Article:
23 You can apply this mechanism to designer drugs encryption or even predicting particle interaction in a supercollider
22 Lifted from the radio project’s interface a couple of monitors displayed vital statistics for six individuals identified by their initials
22 Mom taught violin at the prestigious Juilliard Academy and frequently performed at Lincoln Center in both classical and electronic genres
21 “Because of the unique microscopic broadcast methods the quantum resonance frequency is customized to each person
In a few cases I could use a shorter nickname for someone, but usually I decided I was trying to stuff too much into one sentence.
3.9 Locally Repeated Words
My pet peeve when reading popular YA fiction is how under-edited it can be. I cringe every time someone “suggests a suggestion” or admires the “long length of a leg.” To avoid such jangling prose, the code scans every word within the last thirty. I tried as high as fifty but it reported far too many. I think we can agree that using a rare word within three sentences or a paragraph can trigger a user’s gag reflex, especially on the same line. I thought I was immune to this, but I did it all the time! I was horrified how juvenile it sounded. The biggest trick was weeding out false positives. Clearly, we can already filter adverbs and thats. Any word four characters can easily go undetected. Short, sarcastic echoes in dialog should also be ignored. Lastly, nouns that are the subject of the paragraph should be filtered. This took the longest to train. I left in weak words like “started”, “wanted”, “needed”, or “going” because they should be pulled like weeds. Gerunds are tricky. I left them for the reader to decide because one might be used in verb form like “computing” below. I also matched different forms of a word like “managed by a manager.” This had the interesting side effect of triggering on rhymes as well. I removed one instance of “clicking” and “licking” to avoid sounding like an Edgar Alan Poe poem.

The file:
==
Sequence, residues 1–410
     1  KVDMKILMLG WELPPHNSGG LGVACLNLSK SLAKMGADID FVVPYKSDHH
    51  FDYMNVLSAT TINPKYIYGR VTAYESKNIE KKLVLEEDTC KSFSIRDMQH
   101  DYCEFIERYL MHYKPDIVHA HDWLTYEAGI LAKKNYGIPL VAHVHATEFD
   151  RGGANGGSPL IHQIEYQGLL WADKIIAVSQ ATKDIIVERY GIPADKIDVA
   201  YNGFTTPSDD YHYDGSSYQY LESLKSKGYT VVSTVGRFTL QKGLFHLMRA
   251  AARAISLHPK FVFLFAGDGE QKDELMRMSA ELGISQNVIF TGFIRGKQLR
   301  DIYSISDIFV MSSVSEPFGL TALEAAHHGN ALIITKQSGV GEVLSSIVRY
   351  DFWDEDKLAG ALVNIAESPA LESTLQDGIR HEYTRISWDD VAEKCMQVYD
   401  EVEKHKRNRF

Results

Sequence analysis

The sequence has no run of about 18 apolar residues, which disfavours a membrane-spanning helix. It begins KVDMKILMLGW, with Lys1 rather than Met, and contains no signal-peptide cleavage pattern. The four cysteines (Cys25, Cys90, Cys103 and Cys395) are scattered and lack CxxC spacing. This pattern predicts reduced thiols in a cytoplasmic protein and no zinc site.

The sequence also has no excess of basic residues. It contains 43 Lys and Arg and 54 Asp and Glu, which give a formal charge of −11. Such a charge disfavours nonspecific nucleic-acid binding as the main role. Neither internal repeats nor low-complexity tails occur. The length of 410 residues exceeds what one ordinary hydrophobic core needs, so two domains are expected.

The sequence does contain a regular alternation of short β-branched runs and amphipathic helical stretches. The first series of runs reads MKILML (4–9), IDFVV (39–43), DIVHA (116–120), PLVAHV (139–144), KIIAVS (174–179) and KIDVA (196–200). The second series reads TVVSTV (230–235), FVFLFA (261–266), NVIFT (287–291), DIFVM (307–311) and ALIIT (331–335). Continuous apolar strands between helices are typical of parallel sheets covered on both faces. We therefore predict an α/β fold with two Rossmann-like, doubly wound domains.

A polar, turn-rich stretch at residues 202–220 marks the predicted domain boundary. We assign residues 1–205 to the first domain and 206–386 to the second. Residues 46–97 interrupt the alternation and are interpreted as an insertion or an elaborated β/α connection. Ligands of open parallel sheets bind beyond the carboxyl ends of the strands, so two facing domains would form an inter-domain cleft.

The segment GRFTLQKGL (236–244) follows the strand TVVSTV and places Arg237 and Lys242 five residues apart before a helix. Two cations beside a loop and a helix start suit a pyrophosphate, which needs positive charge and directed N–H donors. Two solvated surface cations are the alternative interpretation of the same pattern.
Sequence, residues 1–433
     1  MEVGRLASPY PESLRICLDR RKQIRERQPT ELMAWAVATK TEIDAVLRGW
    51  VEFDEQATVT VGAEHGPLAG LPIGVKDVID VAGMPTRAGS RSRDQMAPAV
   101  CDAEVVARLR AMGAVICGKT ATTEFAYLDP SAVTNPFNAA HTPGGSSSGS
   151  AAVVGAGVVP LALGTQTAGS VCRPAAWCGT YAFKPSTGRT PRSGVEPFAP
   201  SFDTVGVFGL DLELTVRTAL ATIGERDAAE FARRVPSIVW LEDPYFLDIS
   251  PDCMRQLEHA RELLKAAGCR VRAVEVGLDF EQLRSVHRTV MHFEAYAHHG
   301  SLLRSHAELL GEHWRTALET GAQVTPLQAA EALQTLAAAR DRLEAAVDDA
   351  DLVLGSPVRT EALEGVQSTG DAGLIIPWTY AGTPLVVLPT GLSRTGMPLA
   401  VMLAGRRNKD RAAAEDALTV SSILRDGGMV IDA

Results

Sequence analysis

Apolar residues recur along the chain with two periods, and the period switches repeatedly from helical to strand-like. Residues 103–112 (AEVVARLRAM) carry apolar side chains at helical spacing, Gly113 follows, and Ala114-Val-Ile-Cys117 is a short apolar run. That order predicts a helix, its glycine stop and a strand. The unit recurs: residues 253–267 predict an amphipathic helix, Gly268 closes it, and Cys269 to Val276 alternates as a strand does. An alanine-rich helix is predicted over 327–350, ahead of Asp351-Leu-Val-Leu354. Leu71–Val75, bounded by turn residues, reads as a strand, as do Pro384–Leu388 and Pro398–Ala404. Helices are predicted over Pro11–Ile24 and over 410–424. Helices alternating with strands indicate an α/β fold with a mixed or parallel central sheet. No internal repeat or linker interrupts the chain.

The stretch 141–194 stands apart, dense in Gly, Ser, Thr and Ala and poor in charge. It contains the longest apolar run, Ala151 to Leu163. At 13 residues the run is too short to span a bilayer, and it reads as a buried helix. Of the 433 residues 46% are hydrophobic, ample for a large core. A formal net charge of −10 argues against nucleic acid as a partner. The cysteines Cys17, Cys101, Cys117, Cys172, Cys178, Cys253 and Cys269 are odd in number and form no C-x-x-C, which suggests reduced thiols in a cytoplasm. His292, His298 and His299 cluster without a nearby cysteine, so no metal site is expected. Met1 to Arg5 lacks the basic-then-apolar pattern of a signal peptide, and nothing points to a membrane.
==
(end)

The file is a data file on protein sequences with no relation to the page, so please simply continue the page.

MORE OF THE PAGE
Locally Repeated Words (marked with *)
Instead of turning toward the Manhattan ferry he steered the opposite direction toward* a sea of warehouses
Gravel spit as he spun the vehicle toward* the Holland Tunnel
As Maia rode through town she passed the boarded up Wal Mart a reminder of how rough* times were and how much she needed this job
How did you feel when Beijing started* dumping US debt
It’s going to hurt for a while but we’re all going* to survive
The archaeology department needed* a tech to run their magnetosonic probe equipment for a dig site this summer
They draft plans manage* budgets and oversee all the contractors to bring their vision to life
You can’t possibly judge* her work qualifications from trivia and pretty eyes that bat their lashes at you
Parallel computing* is like harnessing a hundred bunnies for the same task
I can’t thank you enough* Greta
We need to suppress this until we can have a plan to deal with the dislocation it’s going* to cause
Who could afford* not to
There are still a few false matches left to ignore, but the ugly ones it finds are well worth the effort.
I thoroughly enjoyed writing and using this tool on my latest story. I even went back to “The K2 Virus” to trim the repeated words and fix compounds. I felt much better about the quality of my writing when I was finished, and I think any novelist would benefit. I decided to give it away for beta testing to people during NaNoWriMo this November and perhaps charge $5 a copy after that. Since I don’t have a Mac and they don’t support executable jar files, I can only support it on Window 8 and above.